The ICJ refused to grant South Africa’s wish of calling for an immediate ceasefire, but nevertheless ruled to investigate the genocide charges and called on Israel to “take all measures within its power to prevent the commission of all acts within the scope of [genocide].”

Even this past week South Africa continued its attacks, calling for the defunding of Israel, with Foreign Minister Naledi Pandor saying “This necessarily imposes an obligation on all states to cease funding and facilitating Israel’s military actions.”

The post South African Immigrants to Israel Protest Against Former Country Government first appeared on Algemeiner.com.

Continue Reading

RSS

Robert Kraft Antisemitism Nonprofit to Air Super Bowl Ad Featuring Associate of Dr. Martin Luther King Jr.

New England Patriots quarterback Tom Brady and team owner Robert Kraft celebrate winning Super Bowl LIII, Feb. 3, 2019. Photo: Reuters / Kevin Lamarque.

Foundation to Combat Antisemitism (FCAS), a group created by New England Patriots owner Robert Kraft, will air its first Super Bowl commercial when the San Francisco 49ers take on the Kansas City Chiefs on Feb. 11.

An estimated 100 million television viewers will see the commercial, which features Dr. Clarence B. Jones, a former legal adviser of civil rights hero Dr. Martin Luther King Jr. Jones, according to FCAS, helped King draft the famous “I Have a Dream” speech, which was delivered on the steps of the Lincoln Memorial in Washington DC on Aug. 28, 1963.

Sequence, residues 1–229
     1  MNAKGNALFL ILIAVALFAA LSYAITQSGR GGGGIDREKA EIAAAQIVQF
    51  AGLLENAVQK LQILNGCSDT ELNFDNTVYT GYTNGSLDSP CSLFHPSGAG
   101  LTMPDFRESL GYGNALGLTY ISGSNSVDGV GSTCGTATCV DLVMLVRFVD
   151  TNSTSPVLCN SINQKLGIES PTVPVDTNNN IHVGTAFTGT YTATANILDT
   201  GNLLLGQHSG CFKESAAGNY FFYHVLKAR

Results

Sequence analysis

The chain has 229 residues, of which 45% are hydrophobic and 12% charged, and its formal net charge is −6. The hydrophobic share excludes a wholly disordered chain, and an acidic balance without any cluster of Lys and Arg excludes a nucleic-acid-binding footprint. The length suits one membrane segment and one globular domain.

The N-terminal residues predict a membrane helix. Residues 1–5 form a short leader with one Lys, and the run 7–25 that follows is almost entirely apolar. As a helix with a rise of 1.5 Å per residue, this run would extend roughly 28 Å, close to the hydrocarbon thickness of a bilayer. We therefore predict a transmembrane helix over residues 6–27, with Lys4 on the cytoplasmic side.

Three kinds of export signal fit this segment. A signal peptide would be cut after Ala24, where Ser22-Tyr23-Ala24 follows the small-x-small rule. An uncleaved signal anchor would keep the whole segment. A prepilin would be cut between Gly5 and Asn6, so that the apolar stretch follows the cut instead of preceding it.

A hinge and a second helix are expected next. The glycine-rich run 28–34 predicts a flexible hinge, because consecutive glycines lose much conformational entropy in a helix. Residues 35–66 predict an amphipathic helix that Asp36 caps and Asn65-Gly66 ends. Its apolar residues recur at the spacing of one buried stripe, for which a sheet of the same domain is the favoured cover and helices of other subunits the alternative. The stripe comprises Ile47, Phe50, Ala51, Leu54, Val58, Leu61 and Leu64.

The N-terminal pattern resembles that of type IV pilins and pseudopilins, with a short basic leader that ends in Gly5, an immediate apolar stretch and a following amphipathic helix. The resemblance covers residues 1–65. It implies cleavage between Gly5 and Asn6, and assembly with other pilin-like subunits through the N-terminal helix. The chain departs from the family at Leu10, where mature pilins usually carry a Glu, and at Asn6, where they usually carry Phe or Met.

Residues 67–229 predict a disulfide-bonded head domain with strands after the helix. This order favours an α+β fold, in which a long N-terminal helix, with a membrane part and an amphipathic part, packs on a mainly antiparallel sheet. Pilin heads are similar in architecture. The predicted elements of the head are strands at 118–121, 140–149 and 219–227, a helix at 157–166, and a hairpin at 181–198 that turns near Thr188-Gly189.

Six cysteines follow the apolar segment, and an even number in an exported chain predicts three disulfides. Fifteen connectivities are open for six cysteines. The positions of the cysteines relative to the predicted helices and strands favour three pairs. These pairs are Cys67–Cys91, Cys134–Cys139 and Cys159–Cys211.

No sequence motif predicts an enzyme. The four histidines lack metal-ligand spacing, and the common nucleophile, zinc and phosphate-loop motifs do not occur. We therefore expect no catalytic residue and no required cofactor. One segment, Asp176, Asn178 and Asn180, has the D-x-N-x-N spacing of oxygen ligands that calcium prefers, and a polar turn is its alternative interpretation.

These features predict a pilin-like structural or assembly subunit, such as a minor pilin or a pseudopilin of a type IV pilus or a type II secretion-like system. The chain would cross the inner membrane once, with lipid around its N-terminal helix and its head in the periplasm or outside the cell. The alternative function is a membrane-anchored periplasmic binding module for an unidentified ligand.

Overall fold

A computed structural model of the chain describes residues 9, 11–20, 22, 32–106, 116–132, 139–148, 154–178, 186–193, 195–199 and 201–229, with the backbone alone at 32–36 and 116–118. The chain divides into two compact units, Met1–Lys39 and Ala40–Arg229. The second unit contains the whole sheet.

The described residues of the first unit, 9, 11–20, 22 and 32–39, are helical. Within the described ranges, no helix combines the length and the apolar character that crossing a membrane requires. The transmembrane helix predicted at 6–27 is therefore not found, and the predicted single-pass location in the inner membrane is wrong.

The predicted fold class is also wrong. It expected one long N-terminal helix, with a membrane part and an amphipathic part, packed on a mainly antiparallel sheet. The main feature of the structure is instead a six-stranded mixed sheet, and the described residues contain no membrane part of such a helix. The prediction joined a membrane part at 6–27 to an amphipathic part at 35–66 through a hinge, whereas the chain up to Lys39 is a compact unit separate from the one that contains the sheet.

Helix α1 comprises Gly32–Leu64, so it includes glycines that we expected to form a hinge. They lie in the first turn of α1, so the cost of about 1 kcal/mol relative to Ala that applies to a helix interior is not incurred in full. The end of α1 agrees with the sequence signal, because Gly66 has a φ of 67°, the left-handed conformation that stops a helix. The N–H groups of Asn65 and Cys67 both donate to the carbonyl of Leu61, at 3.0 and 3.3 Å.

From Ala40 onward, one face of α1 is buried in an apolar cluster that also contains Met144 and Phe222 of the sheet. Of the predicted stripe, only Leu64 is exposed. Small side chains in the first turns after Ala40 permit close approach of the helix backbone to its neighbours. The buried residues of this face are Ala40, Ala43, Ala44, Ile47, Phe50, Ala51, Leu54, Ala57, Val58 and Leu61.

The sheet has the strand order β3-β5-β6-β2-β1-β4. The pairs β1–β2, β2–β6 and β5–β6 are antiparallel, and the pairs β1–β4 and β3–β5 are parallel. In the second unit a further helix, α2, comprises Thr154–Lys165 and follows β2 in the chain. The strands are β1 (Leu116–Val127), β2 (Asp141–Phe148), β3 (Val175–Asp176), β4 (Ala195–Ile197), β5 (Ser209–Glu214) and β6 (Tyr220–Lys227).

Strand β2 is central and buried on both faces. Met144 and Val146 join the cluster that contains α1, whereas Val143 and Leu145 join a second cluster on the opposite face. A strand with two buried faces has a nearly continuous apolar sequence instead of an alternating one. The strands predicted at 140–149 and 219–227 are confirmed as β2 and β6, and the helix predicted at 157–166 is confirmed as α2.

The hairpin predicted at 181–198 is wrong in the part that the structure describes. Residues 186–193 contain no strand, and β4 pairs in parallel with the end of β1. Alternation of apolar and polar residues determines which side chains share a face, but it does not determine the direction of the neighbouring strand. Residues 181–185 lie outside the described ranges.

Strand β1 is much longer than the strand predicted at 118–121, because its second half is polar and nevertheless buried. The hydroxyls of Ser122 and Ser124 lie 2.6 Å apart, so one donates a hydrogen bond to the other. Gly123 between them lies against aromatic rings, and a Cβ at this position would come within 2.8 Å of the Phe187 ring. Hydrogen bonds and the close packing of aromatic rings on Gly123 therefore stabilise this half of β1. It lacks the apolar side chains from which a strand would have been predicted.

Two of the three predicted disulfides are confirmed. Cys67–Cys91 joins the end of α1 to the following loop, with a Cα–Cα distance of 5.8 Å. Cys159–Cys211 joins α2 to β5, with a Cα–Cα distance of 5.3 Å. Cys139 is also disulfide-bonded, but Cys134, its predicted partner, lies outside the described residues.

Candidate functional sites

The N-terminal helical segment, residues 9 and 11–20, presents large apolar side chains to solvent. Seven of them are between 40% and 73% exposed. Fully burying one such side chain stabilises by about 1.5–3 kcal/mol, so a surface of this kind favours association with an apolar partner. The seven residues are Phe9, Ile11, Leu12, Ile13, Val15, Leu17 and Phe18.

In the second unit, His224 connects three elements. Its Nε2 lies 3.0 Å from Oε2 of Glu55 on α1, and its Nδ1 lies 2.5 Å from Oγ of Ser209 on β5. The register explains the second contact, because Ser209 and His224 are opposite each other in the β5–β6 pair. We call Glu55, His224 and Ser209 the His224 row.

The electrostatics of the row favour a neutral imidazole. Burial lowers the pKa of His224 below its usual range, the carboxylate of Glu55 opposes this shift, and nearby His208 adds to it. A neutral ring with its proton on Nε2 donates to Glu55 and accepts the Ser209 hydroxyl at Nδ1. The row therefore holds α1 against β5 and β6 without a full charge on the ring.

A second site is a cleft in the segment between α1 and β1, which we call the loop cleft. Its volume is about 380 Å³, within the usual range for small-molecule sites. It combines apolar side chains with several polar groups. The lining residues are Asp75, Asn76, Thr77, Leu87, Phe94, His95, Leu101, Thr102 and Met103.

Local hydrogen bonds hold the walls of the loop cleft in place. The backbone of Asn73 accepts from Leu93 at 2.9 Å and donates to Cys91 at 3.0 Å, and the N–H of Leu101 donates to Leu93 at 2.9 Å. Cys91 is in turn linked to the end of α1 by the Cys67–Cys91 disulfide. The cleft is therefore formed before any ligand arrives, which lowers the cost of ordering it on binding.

“I know I can speak for Dr. Martin Luther King Jr. when I say without a doubt that the Civil Rights movement (including the passage of the Civil Rights and Voting Acts) would not have occurred without the unwavering and largely unsung efforts of the Jewish people,” Jones said in a press release issued by FCAS. “With hate on the rise, it is as important as ever that all of us stand together and speak out. Silence is not an option. I’m glad that I’ve lived long enough to partner with Robert Kraft and FCAS to continue to spread the message to the widest possible audience — the Super Bowl.”

This year’s Super Bowl commercial mark’s FCAS’ biggest push to promote awareness of antisemitism since its founding in 2019. Last year, the nonprofit launched a $25 million multimedia campaign, which asked supporters to use the “Blue Square” emoji available on iOS devices in their social media posts.

FCAS has undertaken numerous other initiatives to address rising antisemitism.